I had the wonderful opportunity to spend the entire day with my youngest daughter on Saturday. Since the separation, the physical distance between us has been a real barrier. When we do see each other, it tends to be rushed because of time constraints. Saturday, we had 2 hours in the car and a day of binge-watching Netflix ahead of us.
I love riding in the car with the kids, one at a time or all at once. I have a ritual with each one. With my oldest, it’s radio off and let’s talk. With my second oldest it’s sports talk and name the car. With my youngest son, it’s all music, comparing Spotify playlists and playing for each other our favorite new artists. With my youngest, we only have one ritual. It’s called put the damn phone down. She kills me with how she cannot pull herself away from the endless snapchats, facetimes, and texts. She doesn’t mean to be rude, she’s just addicted. She is one of the millions I suppose. I am probably being selfish, I want as much quality time with her as I can get, and I want her to see what I see.
The ride to my place in NH from hers is an increasingly scenic one. As the odometer increases the number of houses dwindles. Four-lane highways become 2 lane roads. Imported, high-end cars are soon outnumbered by domestically produced vehicles. I can actually feel the stress wash off my body as I reach the halfway point of the 100-mile commute. At mile 57 comes my favorite part. There is a long stretch of climbing road, the type that has a slow lane for trucks and heavy equipment. Once the peak of this stretch is reached and you top the hill you are immediately hit with a vast, panoramic view of the White Mountains. You can see for 50 miles on a clear day from that spot. Layer after layer of hills, snowcapped in spots, fading in clarity as you strain to see the end of it. It takes my breath away every time. As can be expected, I prepped her ahead of time that I wanted her to put the phone down when we reached it because it diminishes fast once you are down the hill. My daughter took a look, said “nice” and went back to her phone.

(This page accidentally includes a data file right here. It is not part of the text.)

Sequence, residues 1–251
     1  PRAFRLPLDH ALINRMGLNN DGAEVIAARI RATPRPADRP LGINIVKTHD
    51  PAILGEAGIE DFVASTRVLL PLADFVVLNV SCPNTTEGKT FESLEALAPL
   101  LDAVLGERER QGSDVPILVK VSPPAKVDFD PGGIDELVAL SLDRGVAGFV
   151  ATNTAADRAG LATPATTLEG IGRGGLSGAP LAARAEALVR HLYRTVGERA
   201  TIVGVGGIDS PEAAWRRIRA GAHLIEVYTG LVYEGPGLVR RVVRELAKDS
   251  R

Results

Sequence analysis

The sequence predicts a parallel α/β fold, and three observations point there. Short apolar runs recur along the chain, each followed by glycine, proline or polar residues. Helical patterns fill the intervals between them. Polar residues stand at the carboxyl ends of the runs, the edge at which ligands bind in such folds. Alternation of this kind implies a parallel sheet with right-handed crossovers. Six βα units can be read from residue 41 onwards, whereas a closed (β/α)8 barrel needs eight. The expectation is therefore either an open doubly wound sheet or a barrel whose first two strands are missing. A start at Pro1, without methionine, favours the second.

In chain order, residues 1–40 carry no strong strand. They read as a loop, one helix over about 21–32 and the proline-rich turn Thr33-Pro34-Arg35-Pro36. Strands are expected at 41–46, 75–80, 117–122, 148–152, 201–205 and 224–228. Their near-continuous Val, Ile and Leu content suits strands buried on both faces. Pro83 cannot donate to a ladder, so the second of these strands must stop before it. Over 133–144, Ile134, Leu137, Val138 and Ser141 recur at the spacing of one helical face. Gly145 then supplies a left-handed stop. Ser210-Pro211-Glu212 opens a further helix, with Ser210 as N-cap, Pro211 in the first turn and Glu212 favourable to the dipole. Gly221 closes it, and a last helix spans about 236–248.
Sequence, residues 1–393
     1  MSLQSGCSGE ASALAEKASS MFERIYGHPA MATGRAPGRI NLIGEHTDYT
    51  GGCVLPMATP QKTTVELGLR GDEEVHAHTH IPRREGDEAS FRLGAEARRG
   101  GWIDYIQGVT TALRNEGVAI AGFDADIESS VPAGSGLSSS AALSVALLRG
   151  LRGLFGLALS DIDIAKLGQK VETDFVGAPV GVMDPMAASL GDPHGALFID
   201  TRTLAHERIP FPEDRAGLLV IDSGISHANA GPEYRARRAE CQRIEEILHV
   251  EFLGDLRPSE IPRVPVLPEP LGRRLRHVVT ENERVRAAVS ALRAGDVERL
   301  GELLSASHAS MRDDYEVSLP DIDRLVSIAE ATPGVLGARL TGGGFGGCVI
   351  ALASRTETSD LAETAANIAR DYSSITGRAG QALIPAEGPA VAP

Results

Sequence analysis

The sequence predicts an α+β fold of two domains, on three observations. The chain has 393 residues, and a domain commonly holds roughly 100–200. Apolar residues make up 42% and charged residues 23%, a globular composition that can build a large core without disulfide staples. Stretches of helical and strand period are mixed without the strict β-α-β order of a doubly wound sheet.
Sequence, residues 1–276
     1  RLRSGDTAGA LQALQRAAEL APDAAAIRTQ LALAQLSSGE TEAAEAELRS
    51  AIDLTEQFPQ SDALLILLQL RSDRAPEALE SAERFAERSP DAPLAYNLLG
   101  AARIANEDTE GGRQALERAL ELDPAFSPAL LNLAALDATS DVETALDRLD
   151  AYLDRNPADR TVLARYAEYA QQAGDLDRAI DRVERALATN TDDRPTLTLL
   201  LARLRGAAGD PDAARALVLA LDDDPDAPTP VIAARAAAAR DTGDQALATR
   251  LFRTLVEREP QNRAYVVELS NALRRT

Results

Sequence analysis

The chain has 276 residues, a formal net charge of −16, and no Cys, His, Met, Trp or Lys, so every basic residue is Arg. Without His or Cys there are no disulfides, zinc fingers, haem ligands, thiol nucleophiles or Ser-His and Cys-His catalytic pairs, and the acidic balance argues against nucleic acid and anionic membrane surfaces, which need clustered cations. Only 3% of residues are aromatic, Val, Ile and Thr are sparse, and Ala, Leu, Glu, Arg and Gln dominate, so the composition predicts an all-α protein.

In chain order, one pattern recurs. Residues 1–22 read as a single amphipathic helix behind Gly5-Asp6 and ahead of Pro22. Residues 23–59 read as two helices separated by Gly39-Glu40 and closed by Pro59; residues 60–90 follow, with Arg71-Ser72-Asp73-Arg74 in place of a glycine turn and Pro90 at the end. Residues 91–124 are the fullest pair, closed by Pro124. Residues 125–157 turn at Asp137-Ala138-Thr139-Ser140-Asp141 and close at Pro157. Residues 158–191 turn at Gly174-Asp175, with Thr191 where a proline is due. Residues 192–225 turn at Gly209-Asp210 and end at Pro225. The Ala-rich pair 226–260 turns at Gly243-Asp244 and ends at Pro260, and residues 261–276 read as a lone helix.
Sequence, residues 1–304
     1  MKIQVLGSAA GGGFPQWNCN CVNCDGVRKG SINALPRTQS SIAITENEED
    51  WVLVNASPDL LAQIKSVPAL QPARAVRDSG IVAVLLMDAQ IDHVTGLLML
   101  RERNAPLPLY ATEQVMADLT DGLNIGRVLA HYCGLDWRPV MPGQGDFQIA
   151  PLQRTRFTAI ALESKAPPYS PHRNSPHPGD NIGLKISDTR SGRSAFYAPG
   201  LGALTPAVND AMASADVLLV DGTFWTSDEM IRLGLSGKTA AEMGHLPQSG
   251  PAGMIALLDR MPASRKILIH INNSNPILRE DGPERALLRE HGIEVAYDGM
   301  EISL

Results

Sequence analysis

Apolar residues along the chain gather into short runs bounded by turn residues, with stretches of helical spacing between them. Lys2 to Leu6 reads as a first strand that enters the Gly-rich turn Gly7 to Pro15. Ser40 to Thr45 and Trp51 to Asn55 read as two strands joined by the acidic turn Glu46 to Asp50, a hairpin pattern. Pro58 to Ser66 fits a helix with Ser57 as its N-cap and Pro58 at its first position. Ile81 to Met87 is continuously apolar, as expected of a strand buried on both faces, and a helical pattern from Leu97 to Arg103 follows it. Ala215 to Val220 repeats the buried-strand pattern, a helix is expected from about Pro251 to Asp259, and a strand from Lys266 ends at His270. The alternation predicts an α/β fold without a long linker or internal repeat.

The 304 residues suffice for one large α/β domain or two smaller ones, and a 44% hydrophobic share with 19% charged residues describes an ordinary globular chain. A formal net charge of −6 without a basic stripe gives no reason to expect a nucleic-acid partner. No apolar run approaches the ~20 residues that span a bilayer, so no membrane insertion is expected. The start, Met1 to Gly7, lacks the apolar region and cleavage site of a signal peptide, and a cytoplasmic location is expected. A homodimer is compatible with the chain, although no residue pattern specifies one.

It’s not her fault, her generation was raised on screens. All of my kids are like that. My mother with her new dating app is too. Smartphones and staying inside are here to stay whether I like it or not. That’s extraordinarily difficult for me because I love the outdoors. One of my favorite movie scenes is from the Great Outdoors with John Candy and Dan Aykroyd. They are in Canada on vacation, sitting on a deck overlooking a lake. Dan Aykroyd goes off on a tear about what he sees when he looks out. Future Industrialization, urban sprawl, forestry, medical waste dumps. John Candy’s character, when asked what he sees, says “I just see trees.” Then he is summarily insulted for being short-sighted and simple. Sorry to say, but that’s me, I just see trees.
I want my kids to see trees. I want them to appreciate the power and beauty of nature. I want them to see crashing waves during hurricanes, starlit nights and sunsets, windy days and mountain views as I do; as a reminder of just how small we really are. To recognize the beauty, power, age and resilience of the tall mountain, the rushing river and the mighty Oak is to recognize our relative size and overall significance. No man is a match for the tide, despite his wealth, power and Instagram followers. It is a call to humility, a damper of ego and hubris, a wake-up call to recognize your smallness.
My children continue to marvel, and I suspect privately mock my newfound Spirituality. That’s fine with me, I was a pretty vocal agnostic for a long time so I have it coming. When I told them about my change of heart, it was a result of deciding between being honest, or not sharing something valuable for fear of being accused of flip-flopping. They are cautiously happy for me while still confused about my change of heart. I could explain it so easily if they let me.
Walk outdoors and look up. That’s all. Look to the top of the treeline, gaze up from the base of a mountain, stare at the stars on a cold winter night and you will see how small, not insignificant just small, we really are. When I did this, I offered myself up as a role player, a piece in the great puzzle. I made myself smaller so that my life could be bigger. I found the power to let down my guard and ask for help and guidance.
Sure, I like screens. I’m working on one now. They serve their purpose. But given the choice…I still just see trees.